Hubbert’s Peak Oil Theory


The Hubbert Curve

M. King Hubbert with behind him the Hubbert curve

The Hubbert peak theory states that the rate of fossil fuel production such as oil tend to follow a bell-shaped curve. The theory was created in 1950 by the American geologist M. King Hubbert.

During his research Hubbert was working for the Shell Oil company. Despite efforts from Shell to pressure him not to publish his work, Hubbert did so anyway. Oil experts dismissed Hubbert’s work and his peak predictions. The Hubbert peak theory is now considered to be one of the main theories on peak oil.

M. King Hubbert noticed that the discovery of oil fields tend to follow a bell-shaped curve. He assumed that the rate of oil production was likely to follow a similar curve, this is now known as the Hubbert Curve.

The theory is based upon the fact there’s a limited amount of oil under the ground in any area, therefore the rate of oil discoveries, which initially increases quickly, must reach a peak and then decline. In the United States, the oil production curve followed the bell-shaped discovery curve after a time lag of 35 years.

The Hubbert curve model shows the phases production of oil goes through over time

Hubbert’s Peak

Hubbert’s peak can be used to observe the peaking of oil production in a particular region. Based on his theory, Hubbert made a report for the American Petroleum Institute in 1956, which predicted that the oil production from discovered oil sources would peak in the U.S somewhere between 1965 and 1970. He described two scenario’s in his report:

  • most likely scenario: a production curve with a growth rate of 6%, a total of 150 Giga-barrels (Gb) of oil and an oil peak in 1965.
  • second scenario: a production curve with a production growth rate of 6%, a total of 200 Giga-barrels (Gb) of oil and an oil peak in 1970.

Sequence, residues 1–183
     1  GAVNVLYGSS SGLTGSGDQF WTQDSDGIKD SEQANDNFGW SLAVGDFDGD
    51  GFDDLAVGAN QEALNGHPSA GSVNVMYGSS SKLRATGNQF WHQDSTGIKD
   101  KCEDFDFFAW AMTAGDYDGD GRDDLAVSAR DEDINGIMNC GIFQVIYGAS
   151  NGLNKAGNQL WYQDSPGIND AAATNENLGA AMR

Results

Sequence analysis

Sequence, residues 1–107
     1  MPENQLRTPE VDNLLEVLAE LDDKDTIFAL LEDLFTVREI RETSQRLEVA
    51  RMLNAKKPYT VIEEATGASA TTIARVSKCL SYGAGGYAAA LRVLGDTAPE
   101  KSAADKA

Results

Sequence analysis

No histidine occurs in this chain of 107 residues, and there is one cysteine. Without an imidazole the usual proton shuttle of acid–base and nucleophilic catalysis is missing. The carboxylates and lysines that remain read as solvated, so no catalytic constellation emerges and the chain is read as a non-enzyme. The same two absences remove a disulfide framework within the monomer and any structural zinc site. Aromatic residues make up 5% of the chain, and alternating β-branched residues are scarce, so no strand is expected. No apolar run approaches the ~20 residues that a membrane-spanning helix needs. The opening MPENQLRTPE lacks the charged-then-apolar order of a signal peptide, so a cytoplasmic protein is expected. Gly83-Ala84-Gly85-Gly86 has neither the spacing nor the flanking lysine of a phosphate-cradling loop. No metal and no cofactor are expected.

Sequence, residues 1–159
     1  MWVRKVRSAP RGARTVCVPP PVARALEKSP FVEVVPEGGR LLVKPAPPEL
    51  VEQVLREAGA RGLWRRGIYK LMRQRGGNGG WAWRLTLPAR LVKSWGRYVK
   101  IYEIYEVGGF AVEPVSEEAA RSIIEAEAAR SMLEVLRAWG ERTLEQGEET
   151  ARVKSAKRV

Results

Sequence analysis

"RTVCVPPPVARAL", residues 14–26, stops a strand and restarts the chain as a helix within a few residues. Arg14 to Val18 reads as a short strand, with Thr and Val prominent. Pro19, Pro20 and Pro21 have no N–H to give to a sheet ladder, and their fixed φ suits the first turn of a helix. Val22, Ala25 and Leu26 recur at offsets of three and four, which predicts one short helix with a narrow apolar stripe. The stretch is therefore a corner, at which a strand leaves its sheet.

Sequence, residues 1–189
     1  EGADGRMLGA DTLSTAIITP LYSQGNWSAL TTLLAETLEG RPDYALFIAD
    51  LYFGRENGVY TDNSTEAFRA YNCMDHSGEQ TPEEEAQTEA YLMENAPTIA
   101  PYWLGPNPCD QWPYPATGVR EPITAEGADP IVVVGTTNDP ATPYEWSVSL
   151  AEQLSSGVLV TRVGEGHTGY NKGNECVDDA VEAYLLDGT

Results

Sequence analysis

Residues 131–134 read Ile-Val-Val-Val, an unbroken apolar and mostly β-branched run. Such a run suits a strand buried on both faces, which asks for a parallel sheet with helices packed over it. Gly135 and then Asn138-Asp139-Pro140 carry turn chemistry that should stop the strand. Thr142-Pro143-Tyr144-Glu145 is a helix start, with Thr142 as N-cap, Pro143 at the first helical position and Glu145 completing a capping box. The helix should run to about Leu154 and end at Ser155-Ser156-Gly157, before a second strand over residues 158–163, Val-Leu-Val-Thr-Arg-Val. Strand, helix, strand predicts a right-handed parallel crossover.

The United States reached Hubbert’s peak in 1970 as predicted. The U.S production of oil reached a peak of 10,200,000 barrels per day. Since then, the U.S oil production has been in decline.

Hubbert’s peak, better known as peak oil, is often used more generally, to refer to the moment in time when the entire planet’s oil production peak occurs. After this moment, according to the Hubbert Peak Theory, the rate of oil production on the world would enter a terminal decline.

Hubbert predicted in his report, which was published in 1956, global peak oil would occur “about half a century from now”. In a TV interview in 1976, Hubbert remarked that the actions of OPEC might flatten the curve of global oil production, but this would only delay the peak for at most a decade.

M. King Hubbert’s original 1956 prediction of the global oil production


The former vice president of the Italian energy company Eni, Leonardo Maugeri, points out that the Hubbert peak predictions do not take into account unconventional oil even though there’s a large amount of these resources available. He admits the costs to extract oil from these sources are very high, but are falling because of new technology. He also argues that the extraction rate from oil sources has increased from 22% in 1980 to nearly 35% because of improved technology and believes this trend will continue.

The economist Edward Luttwak, argues that unrest in nations such as Russia, Iran and Iraq has led to an incorrect estimate of oil reserves. ASPO (The Association for the Study of Peak Oil and Gas) responds by arguing that there is only unrest in Iraq currently and not in Russia and Iran.

Cambridge Energy Research Associates published a paper that criticized Hubbert’s Peak Theory: “Despite his valuable work, M. King Hubbert’s method does not work flawless because it does not take into account resource growth, improved technology or the impact of politics on oil production. His method is not reliable in all cases including on the United States and cannot predict a reliably global oil production peak. In other words, the case for the imminent peak is flawed. As it is, oil production in 2005 in the Lower 48 in the U.S was 65% higher than Hubbert predicted.

How Cuba Survived the Oil Crisis


Special Period in Time of Peace


crop fields in Cuban cities became a common picture

Cuba has already experienced “peak oil” when the Soviet Union collapsed in 1990. The collapse was an economical disaster for Cuba. Cuba lost its primary trading partner, oil imports were cut by half and food by 80%. The United States made it even worse for Cuba by banning any ship that came from Cuba from entering the U.S. for 6 months. Cuba’s economy shrank by almost 35% within a year.